*Orlando isn't guarding the arc consistently.

Dallas 12 of 26 on treys (46.2%, or 69.3% adjusted)
Oklahoma City 7 of 14 on treys (50%, or 75% adjusted)
Chicago 8 of 18 on treys (44.4%, or 66.7% adjusted)

Three of five winning opponents did legimate damage from long range.

The "Orlando model" we discussed aways back involves winning the three-point battle, and then shutting down opponents who come inside to challenge Howard. That works great against lesser teams. Orlando is 8-1 in January against opponents who currently have a losing record. It's not currently working in road games against top quality opposition

February will bring some chances to impress at home vs. playoff teams:

3rd vs. Miami
11th vs. New Orleans
13th vs. LA Lakers
25th vs. Oklahoma City

Orlando also has a trip to Boston on the sixth that will give them a chance to avenge their prior road loss to the Celtics.

Transition Points

*Orlando/Chicago was one of two Superleague games tonight. Chicago is now 8-9 for the year within the 13-team subset we've isolated for closer inspection. That's second best in the East. Orlando falls to 7-12. Atlanta beat New York in the other one. Atlanta is now 6-10, New York 7-12.

*Toronto may be the next to go on the list of "teams who've stopped playing defense." Within their last four games heading into tonight, they had posted defensive efficiencies of 125.8 (Orlando), 126.3 (Miami), and 116.3 (Philadelphia). Tonight the Raptors let Andrew Bogut go 12 of 14 from the field. We documented yesterday how poorly Bogut had been shooting recently. The starting front line for Milwaukee was 31-45 from the field in the Bucks 116-110 overtime win.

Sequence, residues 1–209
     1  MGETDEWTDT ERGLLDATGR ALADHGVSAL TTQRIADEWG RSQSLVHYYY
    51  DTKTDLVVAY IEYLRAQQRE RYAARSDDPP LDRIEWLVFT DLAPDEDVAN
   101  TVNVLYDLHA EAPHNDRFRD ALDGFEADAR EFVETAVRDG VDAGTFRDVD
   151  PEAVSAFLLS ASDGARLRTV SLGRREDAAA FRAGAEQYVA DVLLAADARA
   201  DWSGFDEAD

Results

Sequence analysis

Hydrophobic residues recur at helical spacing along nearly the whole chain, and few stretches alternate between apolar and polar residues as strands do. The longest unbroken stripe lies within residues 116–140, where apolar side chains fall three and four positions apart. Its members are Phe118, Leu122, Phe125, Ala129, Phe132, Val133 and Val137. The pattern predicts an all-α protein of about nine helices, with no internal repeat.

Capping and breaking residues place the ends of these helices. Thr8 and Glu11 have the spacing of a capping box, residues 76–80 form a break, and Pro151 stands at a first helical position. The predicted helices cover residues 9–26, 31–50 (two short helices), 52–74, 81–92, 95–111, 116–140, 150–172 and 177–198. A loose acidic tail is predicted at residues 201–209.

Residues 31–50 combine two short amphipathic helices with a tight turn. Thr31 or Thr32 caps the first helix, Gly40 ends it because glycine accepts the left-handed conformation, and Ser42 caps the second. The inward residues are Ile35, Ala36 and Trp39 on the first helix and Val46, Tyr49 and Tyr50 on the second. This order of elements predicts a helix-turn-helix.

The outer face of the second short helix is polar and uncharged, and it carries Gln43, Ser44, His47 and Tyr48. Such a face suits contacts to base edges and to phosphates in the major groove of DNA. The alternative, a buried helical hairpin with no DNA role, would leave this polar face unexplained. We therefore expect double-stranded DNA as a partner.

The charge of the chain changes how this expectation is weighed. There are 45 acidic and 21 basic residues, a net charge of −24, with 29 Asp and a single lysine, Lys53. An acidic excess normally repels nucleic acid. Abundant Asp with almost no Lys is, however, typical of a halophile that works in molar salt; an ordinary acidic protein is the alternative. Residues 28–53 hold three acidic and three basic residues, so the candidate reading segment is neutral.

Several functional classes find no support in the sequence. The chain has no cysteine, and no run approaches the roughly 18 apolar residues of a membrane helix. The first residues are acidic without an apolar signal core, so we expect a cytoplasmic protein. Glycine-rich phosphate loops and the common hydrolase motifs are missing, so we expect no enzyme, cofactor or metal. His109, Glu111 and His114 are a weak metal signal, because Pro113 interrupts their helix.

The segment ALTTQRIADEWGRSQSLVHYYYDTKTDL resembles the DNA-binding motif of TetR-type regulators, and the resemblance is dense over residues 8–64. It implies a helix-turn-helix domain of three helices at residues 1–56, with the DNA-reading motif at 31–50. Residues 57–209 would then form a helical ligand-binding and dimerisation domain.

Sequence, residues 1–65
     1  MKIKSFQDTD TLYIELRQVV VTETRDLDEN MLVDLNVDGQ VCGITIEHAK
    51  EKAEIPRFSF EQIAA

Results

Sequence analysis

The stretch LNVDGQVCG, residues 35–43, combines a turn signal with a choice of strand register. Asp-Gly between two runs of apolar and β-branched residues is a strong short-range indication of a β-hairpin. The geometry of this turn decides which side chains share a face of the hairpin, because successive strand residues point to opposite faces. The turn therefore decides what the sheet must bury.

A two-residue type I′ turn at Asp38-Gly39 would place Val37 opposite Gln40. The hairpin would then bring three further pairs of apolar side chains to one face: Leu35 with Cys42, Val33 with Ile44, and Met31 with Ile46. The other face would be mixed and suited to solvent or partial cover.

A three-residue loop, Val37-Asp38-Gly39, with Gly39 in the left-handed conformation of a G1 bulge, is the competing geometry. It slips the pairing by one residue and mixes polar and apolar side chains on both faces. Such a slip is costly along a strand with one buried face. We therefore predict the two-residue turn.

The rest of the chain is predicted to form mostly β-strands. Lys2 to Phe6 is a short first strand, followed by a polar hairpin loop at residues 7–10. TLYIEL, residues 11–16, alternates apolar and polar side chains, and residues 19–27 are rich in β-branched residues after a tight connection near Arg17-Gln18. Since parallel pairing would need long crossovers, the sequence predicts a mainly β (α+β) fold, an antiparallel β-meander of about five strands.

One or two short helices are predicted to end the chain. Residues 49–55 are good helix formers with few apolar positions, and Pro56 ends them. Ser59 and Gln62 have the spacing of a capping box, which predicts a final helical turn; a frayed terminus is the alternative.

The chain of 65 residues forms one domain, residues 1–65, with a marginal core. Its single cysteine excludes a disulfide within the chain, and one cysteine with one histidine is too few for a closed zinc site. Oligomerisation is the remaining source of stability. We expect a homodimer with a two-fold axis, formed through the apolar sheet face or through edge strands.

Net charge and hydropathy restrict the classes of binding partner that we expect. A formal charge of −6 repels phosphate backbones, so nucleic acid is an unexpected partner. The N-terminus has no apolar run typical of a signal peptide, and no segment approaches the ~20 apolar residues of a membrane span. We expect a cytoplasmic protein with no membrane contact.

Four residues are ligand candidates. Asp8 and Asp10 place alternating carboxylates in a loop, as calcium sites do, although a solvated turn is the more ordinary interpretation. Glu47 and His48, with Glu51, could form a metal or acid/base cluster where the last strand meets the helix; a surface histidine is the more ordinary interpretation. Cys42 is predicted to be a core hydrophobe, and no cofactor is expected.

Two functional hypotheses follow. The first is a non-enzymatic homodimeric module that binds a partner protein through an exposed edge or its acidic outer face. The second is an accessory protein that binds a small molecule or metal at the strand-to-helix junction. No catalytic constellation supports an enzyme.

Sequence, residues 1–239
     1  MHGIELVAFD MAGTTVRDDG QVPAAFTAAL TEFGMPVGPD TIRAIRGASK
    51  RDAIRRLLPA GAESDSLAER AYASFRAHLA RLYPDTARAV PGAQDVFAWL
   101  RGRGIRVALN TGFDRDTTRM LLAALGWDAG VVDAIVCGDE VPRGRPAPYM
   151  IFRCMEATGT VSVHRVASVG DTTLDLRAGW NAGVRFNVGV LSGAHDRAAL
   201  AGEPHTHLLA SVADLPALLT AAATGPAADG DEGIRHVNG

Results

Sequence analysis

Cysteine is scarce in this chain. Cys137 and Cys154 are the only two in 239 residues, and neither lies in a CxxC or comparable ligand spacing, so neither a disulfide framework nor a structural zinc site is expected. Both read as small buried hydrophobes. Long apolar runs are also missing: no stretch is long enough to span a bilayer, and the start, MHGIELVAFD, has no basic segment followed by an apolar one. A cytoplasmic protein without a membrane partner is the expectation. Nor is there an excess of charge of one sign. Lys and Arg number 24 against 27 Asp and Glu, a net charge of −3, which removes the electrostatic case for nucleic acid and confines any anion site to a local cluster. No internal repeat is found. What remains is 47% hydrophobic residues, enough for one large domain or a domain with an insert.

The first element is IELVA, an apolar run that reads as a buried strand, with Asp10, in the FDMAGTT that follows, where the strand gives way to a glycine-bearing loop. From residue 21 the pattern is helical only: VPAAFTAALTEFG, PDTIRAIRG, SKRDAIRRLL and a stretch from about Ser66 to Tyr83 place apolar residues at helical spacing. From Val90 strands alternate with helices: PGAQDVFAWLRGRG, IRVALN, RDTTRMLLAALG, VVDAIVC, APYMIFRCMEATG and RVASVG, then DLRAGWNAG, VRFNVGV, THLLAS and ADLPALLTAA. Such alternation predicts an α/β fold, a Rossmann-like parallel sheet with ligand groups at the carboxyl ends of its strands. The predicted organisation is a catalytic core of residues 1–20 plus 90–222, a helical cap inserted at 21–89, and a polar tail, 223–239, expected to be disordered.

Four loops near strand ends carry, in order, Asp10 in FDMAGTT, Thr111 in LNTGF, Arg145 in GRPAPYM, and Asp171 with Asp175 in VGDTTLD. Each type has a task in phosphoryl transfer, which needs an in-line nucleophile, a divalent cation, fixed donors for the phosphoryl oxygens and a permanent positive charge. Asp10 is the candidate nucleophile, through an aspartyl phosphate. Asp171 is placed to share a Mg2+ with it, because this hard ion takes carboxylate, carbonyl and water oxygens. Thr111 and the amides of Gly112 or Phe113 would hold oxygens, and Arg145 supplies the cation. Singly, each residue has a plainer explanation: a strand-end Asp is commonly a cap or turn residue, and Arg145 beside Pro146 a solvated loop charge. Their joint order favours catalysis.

Toronto has lost 10 straight, and is 5-23 it's last 28 games.

*Washington is trying as hard as they can to get their first road victory. They fell to 0-20 tonight with a double overtime loss at Oklahoma City. They do have some company on the list of bad road teams:

Washington 0-20
Minnesota 2-22
New Jersey 3-22
Cleveland 3-23
Detroit 5-20
LA Clippers 3-15

Sacramento was 4-16 heading into their late Friday game with the Lakers. They actually enjoy a third quarter lead as I type this. If you're reading Saturday or later, you'll know whether the Kings moved to 5-16, or dropped to 4-17.

Back Monday night to start a new week, and hopefully to crunch some interesting numbers from the Miami-Oklahoma City and Boston-LA Lakers national TV games Sunday that I'm sure you'll be watching...

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Knicks Offense Still Struggling

by Jeff Fogle 28. January 2011 00:54

New York managed to beat the Miami Heat 93-88 Thursday Night, but it was an ugly game.

Well, Dwyane Wade and Amare Stoudemire shot well...

*Heat players not named Wade were 16 of 50 from the floor, just 32%

*Knicks not named Stoudemire were 20 of 66 from the floor, just 30%